The Brandon-Evansville School District received a positive review and comment from the Minnesota Department of Education for the proposed two-question bond referendum set for November.

That means the school district can proceed with the project and that the commissioner of education approves of the plans.

If the district had received an unfavorable review and comment, it would have meant that the commissioner had questions on the education and/or economic impact of the proposed project. A negative review and comment would have meant that the proposed project is not educationally or economically advisable and the district cannot proceed with it.

Minnesota statutes require a review and comment statement on proposed school construction projects.

The school district submitted a 44-page document to the commissioner of education that included a description of the project, a breakdown of costs, source of project financing, preliminary floor plans, district boundary map, projected enrollment, how each ballot question is worded and much more.

“It was fantastic news to get a positive review and comment back from the Minnesota Department of Education,” said Superintendent Don Peschel.

“Having the commissioner support the plan is a big deal and it gives us cause to move forward with our vote for the project. We will continue to update community members through our website of the details regarding any questions about the proposed plan as we approach the vote date.”

The first ballot question, if approved, would authorize $19,915,000 in bonds to finance the conversion of the existing Brandon School to a pre-kindergarten through grade 12 school, and the 1917 portion of the Evansville School would be demolished, with the remaining portion used for athletic and activity space. The total cost of the project was broken down:

  • Building additions – $8,488,700

  • Kitchen equipment – $400,000

  • Renovations/relocations – $1,517,000

  • Furniture, fixtures and equipment – $375,000

  • Site improvements – $1.5 million

  • Deferred maintenance – $2,024,720

  • Demolition of the 1917 portion – $485,500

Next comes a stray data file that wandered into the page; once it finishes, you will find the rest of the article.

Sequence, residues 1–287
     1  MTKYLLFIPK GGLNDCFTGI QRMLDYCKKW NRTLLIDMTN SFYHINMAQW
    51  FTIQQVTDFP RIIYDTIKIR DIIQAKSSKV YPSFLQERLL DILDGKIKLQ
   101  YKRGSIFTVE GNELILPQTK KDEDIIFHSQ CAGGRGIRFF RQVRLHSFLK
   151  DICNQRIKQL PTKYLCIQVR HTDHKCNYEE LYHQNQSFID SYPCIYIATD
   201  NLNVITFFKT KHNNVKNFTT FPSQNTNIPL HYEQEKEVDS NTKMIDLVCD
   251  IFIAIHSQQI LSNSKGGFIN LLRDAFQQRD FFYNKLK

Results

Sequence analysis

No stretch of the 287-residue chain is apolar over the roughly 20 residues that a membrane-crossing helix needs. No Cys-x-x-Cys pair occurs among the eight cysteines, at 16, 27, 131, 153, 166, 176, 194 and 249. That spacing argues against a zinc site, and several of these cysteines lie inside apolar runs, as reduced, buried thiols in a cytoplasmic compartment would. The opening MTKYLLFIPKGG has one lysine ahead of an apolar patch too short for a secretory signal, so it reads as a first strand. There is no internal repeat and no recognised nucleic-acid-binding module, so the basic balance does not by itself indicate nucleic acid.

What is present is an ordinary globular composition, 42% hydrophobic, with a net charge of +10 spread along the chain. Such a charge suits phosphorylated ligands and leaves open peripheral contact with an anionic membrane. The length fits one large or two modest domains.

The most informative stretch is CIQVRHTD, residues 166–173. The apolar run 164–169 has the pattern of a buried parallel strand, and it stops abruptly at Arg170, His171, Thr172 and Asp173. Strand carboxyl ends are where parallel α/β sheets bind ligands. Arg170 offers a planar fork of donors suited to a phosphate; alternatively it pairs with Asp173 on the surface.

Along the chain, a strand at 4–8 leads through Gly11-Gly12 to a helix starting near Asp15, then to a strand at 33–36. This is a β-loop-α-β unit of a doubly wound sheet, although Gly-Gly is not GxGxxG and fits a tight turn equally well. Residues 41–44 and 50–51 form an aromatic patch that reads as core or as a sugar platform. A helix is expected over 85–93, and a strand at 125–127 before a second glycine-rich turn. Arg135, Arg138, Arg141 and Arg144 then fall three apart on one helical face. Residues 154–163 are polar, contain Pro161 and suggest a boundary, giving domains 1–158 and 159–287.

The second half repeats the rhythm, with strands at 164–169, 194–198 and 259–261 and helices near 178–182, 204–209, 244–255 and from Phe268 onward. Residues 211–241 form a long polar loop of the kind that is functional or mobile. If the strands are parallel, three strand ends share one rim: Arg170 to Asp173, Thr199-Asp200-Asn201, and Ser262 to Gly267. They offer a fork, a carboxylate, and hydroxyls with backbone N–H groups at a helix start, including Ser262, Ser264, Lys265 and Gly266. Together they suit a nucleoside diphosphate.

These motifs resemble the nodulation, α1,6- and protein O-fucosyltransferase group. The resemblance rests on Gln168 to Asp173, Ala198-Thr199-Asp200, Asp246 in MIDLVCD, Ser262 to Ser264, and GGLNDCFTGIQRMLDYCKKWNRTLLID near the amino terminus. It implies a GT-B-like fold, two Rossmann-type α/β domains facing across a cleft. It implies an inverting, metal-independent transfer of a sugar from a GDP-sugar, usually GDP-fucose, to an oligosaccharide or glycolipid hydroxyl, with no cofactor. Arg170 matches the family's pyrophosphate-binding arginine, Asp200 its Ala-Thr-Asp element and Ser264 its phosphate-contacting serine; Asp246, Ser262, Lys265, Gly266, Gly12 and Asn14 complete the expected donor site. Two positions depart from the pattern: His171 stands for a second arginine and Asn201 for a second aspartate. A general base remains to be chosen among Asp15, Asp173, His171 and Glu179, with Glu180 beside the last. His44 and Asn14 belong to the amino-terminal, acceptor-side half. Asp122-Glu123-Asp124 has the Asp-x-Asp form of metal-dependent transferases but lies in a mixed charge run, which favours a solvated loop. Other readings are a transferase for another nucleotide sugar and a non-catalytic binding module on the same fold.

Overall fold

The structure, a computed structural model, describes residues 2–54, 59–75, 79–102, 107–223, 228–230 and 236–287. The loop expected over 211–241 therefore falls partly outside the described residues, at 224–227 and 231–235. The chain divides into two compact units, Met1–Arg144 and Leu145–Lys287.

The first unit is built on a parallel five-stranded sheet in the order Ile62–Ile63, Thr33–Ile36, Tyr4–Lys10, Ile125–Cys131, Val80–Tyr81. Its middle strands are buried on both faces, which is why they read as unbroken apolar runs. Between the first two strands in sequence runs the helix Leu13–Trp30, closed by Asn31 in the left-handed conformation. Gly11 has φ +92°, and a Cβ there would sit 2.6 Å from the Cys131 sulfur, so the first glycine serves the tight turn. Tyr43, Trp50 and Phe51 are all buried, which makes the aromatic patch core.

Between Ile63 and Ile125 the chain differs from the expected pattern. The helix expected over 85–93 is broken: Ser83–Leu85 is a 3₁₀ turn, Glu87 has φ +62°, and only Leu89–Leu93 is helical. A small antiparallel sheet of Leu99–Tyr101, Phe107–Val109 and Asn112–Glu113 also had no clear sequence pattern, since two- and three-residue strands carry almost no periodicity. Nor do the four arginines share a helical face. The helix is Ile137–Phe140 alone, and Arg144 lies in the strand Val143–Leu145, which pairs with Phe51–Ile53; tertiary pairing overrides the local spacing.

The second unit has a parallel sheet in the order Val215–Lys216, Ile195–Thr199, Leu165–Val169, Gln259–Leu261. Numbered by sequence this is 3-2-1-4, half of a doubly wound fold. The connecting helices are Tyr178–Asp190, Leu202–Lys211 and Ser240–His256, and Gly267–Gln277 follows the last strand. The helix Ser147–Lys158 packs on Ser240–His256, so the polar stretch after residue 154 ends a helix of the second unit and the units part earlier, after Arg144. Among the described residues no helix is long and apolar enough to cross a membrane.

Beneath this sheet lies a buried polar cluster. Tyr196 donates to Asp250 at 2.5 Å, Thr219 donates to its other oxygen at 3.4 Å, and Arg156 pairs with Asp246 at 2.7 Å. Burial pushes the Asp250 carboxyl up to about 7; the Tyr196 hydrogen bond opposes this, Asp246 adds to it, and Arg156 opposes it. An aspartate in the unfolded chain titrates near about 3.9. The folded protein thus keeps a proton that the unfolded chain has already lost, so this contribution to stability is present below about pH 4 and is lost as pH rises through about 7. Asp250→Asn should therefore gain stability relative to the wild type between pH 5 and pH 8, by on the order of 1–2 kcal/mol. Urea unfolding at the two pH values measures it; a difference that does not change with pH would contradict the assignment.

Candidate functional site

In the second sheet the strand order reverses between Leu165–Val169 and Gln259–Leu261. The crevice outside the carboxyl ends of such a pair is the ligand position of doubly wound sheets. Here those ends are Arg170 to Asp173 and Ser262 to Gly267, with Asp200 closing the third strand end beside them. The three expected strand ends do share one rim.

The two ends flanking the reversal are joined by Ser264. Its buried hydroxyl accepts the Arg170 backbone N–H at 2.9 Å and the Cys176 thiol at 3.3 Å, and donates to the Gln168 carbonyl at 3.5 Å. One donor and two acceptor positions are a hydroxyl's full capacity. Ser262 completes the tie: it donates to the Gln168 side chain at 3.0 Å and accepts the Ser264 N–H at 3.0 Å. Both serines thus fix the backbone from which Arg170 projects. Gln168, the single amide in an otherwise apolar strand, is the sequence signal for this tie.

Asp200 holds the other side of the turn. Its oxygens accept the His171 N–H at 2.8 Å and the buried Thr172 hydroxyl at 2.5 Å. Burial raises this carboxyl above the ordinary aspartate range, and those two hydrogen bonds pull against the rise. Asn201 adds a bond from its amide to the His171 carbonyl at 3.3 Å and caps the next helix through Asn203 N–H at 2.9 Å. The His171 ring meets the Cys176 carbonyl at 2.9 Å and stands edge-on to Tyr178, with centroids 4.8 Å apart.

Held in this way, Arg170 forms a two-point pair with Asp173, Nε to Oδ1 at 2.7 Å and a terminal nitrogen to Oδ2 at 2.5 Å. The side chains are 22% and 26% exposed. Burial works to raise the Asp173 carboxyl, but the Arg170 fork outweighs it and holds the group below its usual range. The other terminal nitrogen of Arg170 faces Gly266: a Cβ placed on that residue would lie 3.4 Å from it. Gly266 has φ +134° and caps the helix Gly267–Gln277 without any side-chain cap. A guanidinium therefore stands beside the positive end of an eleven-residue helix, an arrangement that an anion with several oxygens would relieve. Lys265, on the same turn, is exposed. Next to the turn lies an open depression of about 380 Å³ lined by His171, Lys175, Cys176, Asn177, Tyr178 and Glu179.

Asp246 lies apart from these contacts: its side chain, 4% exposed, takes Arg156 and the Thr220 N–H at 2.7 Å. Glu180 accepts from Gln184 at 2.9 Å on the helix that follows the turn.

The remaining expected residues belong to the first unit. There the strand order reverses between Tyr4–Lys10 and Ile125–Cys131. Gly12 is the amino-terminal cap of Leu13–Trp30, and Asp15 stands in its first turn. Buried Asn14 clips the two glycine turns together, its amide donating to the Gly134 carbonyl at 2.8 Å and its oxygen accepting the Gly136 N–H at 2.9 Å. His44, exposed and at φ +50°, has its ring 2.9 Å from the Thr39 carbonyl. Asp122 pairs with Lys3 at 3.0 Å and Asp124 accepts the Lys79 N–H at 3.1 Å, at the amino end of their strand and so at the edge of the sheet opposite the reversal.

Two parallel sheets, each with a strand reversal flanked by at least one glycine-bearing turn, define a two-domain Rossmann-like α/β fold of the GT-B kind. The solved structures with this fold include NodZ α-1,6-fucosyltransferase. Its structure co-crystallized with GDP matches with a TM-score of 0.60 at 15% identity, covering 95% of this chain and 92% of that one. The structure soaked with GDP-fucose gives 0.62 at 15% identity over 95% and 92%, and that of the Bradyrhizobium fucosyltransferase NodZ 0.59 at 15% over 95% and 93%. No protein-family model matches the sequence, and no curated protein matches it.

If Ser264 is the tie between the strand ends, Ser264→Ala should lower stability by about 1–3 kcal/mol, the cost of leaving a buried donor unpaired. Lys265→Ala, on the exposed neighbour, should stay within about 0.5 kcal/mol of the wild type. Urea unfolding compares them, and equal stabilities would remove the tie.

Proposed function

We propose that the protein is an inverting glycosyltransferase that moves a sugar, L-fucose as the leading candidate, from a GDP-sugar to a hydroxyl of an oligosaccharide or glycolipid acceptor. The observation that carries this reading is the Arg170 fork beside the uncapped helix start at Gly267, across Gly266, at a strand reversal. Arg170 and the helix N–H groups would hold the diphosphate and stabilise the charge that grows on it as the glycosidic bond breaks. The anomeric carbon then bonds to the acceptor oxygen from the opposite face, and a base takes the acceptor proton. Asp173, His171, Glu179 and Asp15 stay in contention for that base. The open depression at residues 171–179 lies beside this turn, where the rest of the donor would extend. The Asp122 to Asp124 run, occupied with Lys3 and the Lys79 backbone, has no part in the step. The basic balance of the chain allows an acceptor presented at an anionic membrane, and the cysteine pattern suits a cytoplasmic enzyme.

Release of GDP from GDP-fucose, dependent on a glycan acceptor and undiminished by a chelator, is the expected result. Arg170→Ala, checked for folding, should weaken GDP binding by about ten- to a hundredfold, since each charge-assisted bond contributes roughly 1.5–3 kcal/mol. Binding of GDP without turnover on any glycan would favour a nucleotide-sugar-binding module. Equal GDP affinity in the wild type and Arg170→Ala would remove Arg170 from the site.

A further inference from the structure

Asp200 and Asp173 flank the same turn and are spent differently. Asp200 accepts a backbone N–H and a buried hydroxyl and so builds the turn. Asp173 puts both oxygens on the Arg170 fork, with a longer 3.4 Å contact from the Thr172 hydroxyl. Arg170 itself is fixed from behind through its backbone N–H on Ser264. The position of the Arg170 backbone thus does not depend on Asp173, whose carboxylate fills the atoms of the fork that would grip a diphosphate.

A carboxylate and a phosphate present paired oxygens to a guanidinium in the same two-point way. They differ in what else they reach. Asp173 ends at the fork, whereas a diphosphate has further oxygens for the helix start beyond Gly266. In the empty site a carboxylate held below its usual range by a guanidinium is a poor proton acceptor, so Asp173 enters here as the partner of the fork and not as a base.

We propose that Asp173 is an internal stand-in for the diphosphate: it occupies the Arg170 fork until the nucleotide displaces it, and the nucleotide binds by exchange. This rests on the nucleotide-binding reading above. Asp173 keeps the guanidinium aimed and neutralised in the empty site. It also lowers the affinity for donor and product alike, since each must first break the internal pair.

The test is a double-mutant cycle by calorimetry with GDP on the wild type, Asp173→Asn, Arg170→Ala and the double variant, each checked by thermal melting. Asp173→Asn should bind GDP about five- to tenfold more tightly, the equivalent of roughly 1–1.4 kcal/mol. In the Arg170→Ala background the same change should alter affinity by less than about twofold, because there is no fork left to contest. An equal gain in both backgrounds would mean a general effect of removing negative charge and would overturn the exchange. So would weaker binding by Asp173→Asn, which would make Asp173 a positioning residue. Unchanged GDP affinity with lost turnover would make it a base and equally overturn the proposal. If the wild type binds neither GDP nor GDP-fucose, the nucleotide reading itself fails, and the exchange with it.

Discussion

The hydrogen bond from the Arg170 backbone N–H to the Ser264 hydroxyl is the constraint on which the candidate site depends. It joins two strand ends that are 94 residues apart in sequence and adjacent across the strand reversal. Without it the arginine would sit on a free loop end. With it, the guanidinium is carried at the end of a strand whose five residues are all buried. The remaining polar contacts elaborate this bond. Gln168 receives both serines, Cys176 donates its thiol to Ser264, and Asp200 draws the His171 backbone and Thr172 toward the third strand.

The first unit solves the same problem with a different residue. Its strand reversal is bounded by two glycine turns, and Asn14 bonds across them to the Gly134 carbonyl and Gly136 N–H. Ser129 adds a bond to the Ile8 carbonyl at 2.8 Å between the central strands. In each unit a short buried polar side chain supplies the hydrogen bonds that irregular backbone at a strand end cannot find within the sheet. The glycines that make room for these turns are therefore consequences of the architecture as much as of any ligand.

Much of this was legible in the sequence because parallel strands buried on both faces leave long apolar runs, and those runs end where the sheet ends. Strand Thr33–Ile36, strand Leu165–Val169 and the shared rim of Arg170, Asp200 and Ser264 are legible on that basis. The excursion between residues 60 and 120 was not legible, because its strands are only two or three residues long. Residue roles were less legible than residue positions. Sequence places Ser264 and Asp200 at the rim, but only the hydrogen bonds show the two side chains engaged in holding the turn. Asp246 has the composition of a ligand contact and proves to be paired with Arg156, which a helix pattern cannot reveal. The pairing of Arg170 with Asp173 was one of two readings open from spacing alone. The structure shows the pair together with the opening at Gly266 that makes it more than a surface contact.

• Fees, permits and testing – $3,461,076

  • Contingency – $1,360,764

  • Bond issuance – $302,240

The second ballot question, if approved, would authorize $5.3 million in bonds to finance a gymnasium, locker room addition and an Early Childhood addition. The question is contingent on the passing of the first question. The cost includes:

  • Gym, locker room, Early Childhood addition – $3,934,500

  • Fees, permits and testing – $920,673

  • Contingency – $361,974

  • Bond issuance – $82,853

Peschel said if both questions are approved, the district will issue 20-year bonds for the projects. A home in the district valued at $100,000, the average cost of a home in the district, is projected to see an annual increase of $268.44 if the entire plan proceeds – roughly $60 per year for indoor air quality, $165 for question one and $44 for question 2.

If question one passes, he said, the indoor air quality project can be incorporated into the larger building project for efficiency.

A tax impact calculator is available on the BE Chargers United website.

The board decided to address the district’s most urgent need and approved spending $7.8 million to improve indoor air quality by upgrading the HVAC systems at both the Brandon and Evansville facilities and replacing the boilers in Brandon. The Minnesota Legislature allows school boards to make necessary health and safety improvements by using long-term facilities maintenance bonds, backed with a local levy.

Peschel said board members, district staff and community members have put in a lot of hard work over the past 18 months to come up with a plan to address the district facility needs. He said feedback from residents was critical in helping the board decide the best options.

“Throughout this process, I have been grateful for the high level of community engagement. You

have asked smart questions, offered good direction and ideas and demanded a high value for

any future investments,”’ Peschel said.